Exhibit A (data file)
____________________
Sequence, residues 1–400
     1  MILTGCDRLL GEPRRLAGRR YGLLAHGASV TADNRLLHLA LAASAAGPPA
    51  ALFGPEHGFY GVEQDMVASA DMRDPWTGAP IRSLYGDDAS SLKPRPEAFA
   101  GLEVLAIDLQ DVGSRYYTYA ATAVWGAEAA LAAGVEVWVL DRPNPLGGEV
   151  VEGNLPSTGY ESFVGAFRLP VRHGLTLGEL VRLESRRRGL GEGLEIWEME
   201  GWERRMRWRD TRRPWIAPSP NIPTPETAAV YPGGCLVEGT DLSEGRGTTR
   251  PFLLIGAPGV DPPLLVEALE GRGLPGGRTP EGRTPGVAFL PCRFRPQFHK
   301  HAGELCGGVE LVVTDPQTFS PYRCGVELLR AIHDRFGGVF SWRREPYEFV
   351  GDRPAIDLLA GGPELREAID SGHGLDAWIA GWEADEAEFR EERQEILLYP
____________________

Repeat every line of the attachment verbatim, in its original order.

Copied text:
Sequence, residues 1–400
     1  MILTGCDRLL GEPRRLAGRR YGLLAHGASV TADNRLLHLA LAASAAGPPA
    51  ALFGPEHGFY GVEQDMVASA DMRDPWTGAP IRSLYGDDAS SLKPRPEAFA
   101  GLEVLAIDLQ DVGSRYYTYA ATAVWGAEAA LAAGVEVWVL DRPNPLGGEV
   151  VEGNLPSTGY ESFVGAFRLP VRHGLTLGEL VRLESRRRGL GEGLEIWEME
   201  GWERRMRWRD TRRPWIAPSP NIPTPETAAV YPGGCLVEGT DLSEGRGTTR
   251  PFLLIGAPGV DPPLLVEALE GRGLPGGRTP EGRTPGVAFL PCRFRPQFHK
   301  HAGELCGGVE LVVTDPQTFS PYRCGVELLR AIHDRFGGVF SWRREPYEFV
   351  GDRPAIDLLA GGPELREAID SGHGLDAWIA GWEADEAEFR EERQEILLYP